Tebeila Institute of Leadership, Education, Governance and Training (TILEGT) approached the Gauteng High Court (operating in this instance as the Limpopo Division), challenging a policy that was implemented by the Limpopo College of Nursing. The policy required prospective nursing students to have obtained a school-leaving certificate no more than three years prior to making an application to the institution. TILEGT averred that this policy irrationally and unfairly excluded many worthy prospective students who completed high school more than three years before they applied to the college.
In passing its judgment, the High Court agreed with the applicant in that there was inadequate justification proffered by the respondents in defence of the bar concerned. The Constitution expressly protects everyone’s right to equality. The exclusion of those who left high school more than three years before application went against the tenets of the equality clause of the Constitution. Therefore, as the discrimination effected by the bar was contrary to the Constitution, the court found it invalid.
The court however ordered each party to pay its own costs, citing the constitutional nature of the issues as the reason for the costs order. In Biowatch Trust v Registrar Genetic Resources and Others, the Constitutional Court ruled that any refusal to grant costs in a case where the vindication of constitutional rights was sought was incorrect. As stated above, the general rule in constitutional litigation between a private party and the state is that if the private party is successful, its costs must be paid by the state. In contrast, if the private party is unsuccessful, each party shall pay its own costs.
Concerning the reluctance of appellate courts to interfere with cost orders, Justice Ngcobo in Biowatch stated “It is clear that a court of first instance has a discretion to determine the costs order to be awarded in light of the particular circumstances of the case, and that a court of appeal will require good reason to interfere with the exercise of this discretion.” The Court considered that matters concerning costs are contentious primarily because appellate courts do not wish to interfere with the discretion of the lower court in relation to costs awards. However, when this reluctance results in the clear contravention of a judicial principle, which in turn ignores the plight of litigants, a clear problem presents itself.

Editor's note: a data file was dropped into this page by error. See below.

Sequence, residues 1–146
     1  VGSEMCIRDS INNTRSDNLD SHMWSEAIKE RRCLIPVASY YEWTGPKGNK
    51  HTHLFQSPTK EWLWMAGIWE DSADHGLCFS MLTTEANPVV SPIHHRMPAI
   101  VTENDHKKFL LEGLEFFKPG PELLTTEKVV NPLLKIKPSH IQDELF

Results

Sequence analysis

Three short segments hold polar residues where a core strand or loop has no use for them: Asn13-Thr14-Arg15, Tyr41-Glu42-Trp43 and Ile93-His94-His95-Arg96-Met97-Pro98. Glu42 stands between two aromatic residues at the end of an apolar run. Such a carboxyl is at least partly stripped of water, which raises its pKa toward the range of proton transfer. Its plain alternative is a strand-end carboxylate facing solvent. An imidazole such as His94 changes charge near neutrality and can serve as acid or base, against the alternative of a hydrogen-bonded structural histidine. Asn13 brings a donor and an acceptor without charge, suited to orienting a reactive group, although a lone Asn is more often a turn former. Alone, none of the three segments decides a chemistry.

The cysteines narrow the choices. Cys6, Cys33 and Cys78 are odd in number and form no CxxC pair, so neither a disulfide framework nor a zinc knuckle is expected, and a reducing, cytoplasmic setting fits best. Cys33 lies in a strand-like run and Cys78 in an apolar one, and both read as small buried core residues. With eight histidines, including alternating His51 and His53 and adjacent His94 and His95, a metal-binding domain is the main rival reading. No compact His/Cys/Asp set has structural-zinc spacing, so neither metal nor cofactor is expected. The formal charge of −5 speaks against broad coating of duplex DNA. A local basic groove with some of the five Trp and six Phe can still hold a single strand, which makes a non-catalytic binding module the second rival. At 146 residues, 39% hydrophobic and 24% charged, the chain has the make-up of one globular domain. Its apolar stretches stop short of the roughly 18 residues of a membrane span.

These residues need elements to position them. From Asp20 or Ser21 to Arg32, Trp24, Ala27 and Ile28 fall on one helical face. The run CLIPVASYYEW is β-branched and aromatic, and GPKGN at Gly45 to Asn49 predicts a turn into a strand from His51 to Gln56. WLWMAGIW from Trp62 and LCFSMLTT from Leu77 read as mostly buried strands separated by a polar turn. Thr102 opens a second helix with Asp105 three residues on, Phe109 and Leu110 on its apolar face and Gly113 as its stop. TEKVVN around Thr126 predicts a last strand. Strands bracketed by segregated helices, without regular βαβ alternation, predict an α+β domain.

Furthermore, in the Biowatch case, it was held that where the court departs from the general rule, clear and convincing reasons should be put forward for such departure. The exception to this rule is where the application is vexatious or frivolous. The reasons must be furnished so as to assist an appellate court, as well as inform future litigants of what to avoid when approaching similar cases. In the TILEGT case, the court stated that “the High Court did not elaborate its reasoning for depriving the applicant of its costs.”
The rationale behind the general principle is that adverse costs have the effect of deterring parties from asserting their constitutional rights. Where a claim is meritorious, a party may decide against approaching the courts due to the fear of financial ruin. In addition, even if a party does pursue the issue successfully, the fear of being deprived of costs due to an inadvertent or technical lapse also features. In this case, the High Court ordered the applicant to pay its own costs and failed to provide reasons for so doing, thus doing exactly what the court in Biowatch was attempting to prevent.
The fact that the highest court of the land was approached to address a matter that concerned only costs when few appellate courts spare the time and resources to do so indicates the importance of the issue.
The importance of this case is that it lends greater understanding of section 34 of the Constitution, which provides that everyone has the right to have disputes resolved by the application of law in a fair public hearing. The decision creates greater access to the courts for ordinary individuals, as is envisaged by the Constitution. The decision also reiterates section 173 of the Constitution. The latter section provides for the inherent power to protect and regulate their own processes, for the Constitutional Court, the Supreme Court of Appeal and the High Courts. This is evidenced by the Constitutional Court’s discussion of the lower court’s discretion in awarding costs.
By Rebecca Sibanda; Intern, Centre for Constitutional Rights